But with the Nigerian economy now in its worst recession in 36 years, the CBN should be planning further monetary stimulus to support businesses and the economy. Banks themselves need support, as the economic slump has started to affect their profitability, comparing their Q2 and Q3 results with a year earlier.

The CBN ought not to concern itself with whether the police have bullets or not. But for years now, the apex bank has expanded its focus to areas outside its mandate; it has been growing its balance sheet in areas where it should have restricted itself. While at it, the economic growth, inflation and exchange rates have missed their policy targets. So, while the CBN is failing in its primary responsibilities, it is championing the performance of the primary responsibility of the government.

There are many concerns for the banks in co-travelling with the CBN on the CACOVID charade. One area of concern is that good corporate governance may be eroded in the banks by the misaligned CACOVID interventions. With many banks co-opted into the coalition, the role of their boards in determining the social investments of the institutions is diminished. Some may argue that the banks have always depended on government patronage; therefore, they are only repaying the favours. Such mutual dependency of the government and the market affects the efficiency of the latter.

Two, at a time of dwindling profitability, the banks are having to necessarily involve in interventions that would reduce dividend pay-outs to shareholders. This could be inimical for the welfare of small investors and retirees who depend on yields on their equity investments to survive.

Three, and perhaps most concerning, is that with CACOVID, social risk is individualised but returns on social investments are shared by the group. The view that CACOVID would generate public approval generally for the banking industry underestimates the significant social pressure that some banks are facing. During the riots and looting spree that followed the EndSARS protests, some banks were specifically targeted for vandalization and threatened on social media. Afterwards, the CBN ordered the accounts of some champions of the protests to be frozen. The banks that carried out the draconian order – against their wish but in compliance with a regulatory directive – have also attracted further negative public sentiment.

Should such banks wish to clean up their image and reconnect with the communities where they operate by committing to some social investments, they should be allowed to do so in their names. If their wrongdoings are identifiable by the public, their social good should also be personalised to them. To deny them such identification is to prevent the amelioration of the social risk the banks face.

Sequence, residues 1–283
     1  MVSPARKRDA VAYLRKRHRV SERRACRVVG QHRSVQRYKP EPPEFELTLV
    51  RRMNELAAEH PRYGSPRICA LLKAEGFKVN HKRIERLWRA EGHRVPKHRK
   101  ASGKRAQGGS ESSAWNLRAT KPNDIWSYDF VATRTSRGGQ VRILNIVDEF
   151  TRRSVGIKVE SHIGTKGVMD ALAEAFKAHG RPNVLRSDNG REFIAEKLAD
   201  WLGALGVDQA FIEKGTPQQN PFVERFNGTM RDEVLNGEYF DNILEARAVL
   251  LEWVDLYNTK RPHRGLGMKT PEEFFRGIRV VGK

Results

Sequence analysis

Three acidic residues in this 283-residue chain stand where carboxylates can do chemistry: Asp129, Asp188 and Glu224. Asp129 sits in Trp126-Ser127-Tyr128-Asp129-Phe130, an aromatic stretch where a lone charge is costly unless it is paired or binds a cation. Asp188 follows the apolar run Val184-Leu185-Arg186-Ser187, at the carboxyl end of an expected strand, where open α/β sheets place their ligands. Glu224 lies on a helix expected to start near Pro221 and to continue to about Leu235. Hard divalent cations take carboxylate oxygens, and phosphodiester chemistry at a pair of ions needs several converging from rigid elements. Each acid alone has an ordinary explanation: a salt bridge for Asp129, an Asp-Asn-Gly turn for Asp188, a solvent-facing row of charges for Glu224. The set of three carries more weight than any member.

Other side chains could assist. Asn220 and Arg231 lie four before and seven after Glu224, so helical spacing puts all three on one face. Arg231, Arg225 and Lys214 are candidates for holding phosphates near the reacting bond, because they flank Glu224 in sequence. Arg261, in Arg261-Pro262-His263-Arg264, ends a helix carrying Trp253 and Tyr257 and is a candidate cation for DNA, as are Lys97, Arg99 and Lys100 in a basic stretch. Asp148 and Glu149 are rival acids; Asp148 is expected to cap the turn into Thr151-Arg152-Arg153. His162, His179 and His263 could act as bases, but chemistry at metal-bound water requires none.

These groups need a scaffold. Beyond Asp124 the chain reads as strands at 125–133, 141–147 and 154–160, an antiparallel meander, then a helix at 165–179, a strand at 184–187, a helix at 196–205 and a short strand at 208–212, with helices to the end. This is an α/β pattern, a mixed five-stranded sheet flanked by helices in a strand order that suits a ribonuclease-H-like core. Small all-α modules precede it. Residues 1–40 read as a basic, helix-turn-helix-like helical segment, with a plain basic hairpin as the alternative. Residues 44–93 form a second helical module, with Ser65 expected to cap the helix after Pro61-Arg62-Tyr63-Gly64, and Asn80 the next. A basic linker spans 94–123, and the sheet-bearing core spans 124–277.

So far, the big institutions have gained more visibility in CACOVID. Even if they are donating more because of the relative bigger sizes of their balance sheets and profits, the smaller institutions should still be able to harness the publicity mileage from their relatively smaller financial contributions to the coalition. The more important point, however, is that Nigerian banks are already embedding environmental, social and governance (ESG) principles in their investments and operations. They are also committed to corporate social responsibility (CSR). It is required they do these at the pace that is conducive for sustainable interventions.

Hospital beds donated by CACOVID to the Kano State Government to support its
Covid-19 response

The intension of forming CACOVID may not be divorced from building higher capacity for intervention and making more impacts by building the partnership. Ordinarily, this is plausible. But building partnership should not deny the institutions their prerogative to independently determine their interventions. A good programme, proven by its result, can be scaled up through partnership. This may even be more efficient than making big intervention in unproven programmes.

Finally, institutions are rooted in communities. It is, therefore, important that they make more social investments in their communities rather than supporting the social agenda of the national government. But businesses, especially banks, can invest in the national development priorities of the government. They should actually do so as of a necessity, provided the government's plans are well developed.

The foregoing does not reduce the importance of CACOVID as originally conceived as a public health intervention against the COVID-19 pandemic. But we don't know how effective its interventions have been. During the looting that followed the EndSARS protests, many warehouses were discovered where food and other supplies provided by CACOVID were languishing for reasons including the lack of capacity of the local governments to distribute the goods to the people they were meant for. The country may have been spared the worst projections of the pandemic, due to its tropical climate, young population and experience with the Ebola virus.

CACOVID needs to evaluate the effectiveness of its COVID-19 response. Lessons learnt would be useful for the future that many virologists and public health experts believe will feature more outbreaks of infectious diseases. There is no need to expand the interventions of CACOVID beyond its original focus and perpetuate its existence.

Jide Akintunde is the Managing Editor, Financial Nigeria magazine and Director, Nigeria Development and Finance Forum.